©2024 By Young Kim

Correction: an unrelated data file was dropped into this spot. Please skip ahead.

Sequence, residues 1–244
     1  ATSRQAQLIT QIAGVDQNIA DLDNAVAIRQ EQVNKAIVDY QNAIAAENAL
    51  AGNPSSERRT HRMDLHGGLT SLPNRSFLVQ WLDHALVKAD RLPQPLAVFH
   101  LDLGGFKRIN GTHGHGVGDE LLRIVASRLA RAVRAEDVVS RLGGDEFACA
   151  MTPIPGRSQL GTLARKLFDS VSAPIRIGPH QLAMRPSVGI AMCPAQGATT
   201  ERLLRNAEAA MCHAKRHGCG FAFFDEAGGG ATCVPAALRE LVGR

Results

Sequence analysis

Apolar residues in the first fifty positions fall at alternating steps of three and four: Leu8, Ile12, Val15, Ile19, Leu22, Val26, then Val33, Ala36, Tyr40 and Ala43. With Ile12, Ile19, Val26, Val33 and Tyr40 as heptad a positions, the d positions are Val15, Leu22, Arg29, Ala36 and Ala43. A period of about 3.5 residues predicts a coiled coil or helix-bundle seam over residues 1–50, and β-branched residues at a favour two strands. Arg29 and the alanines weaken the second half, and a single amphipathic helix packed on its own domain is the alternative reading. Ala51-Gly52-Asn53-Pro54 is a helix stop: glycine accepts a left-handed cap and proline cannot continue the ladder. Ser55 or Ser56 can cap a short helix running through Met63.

Lauren Hutton wanted Malcolm back. It was 2001 and though I had been with Malcolm for three years, it was of no concern to her. Few men had been able to refuse Lauren much, including Malcolm. I was a fly merely to be swatted away—if even that. They had met in Hollywood in the 80s when Malcolm worked for the film industry. He’d gone to Los Angeles to promote his second solo album, “Fans” and never left. One evening, he was leaving a club with two friends—the photographer Michael Halsband, and Rory when a white limo drew up and two women and a lanky teenage boy jumped out. There was some pointing and whispering of Malcolm’s name before one of the women strode up to the three men. A husky voice commanded each one in turn: “Are you Malcolm McLaren?” No. “Are you Malcolm McLaren?” No. “Well, then you must be Malcolm McLaren! So, are you comin’ or are you goin’?” He was coming, to the dismay of Michael who was aware of Lauren’s reputation as “trouble”, but not before he ordered the teenager, John Cusack, to go home to bed. Years later, John related this story to me indignantly— how he had felt himself such a cool dude—with two attractive real women, until Malcolm came into the picture and humiliated him. The evening apparently ended at a lesbian club called “Peanuts” where Lauren and her friend Beverly D’Angelo were pursued and Beverly created a sensation by standing on a table, and belting out her own composition, “I Can’t Fuck without Falling in Love”.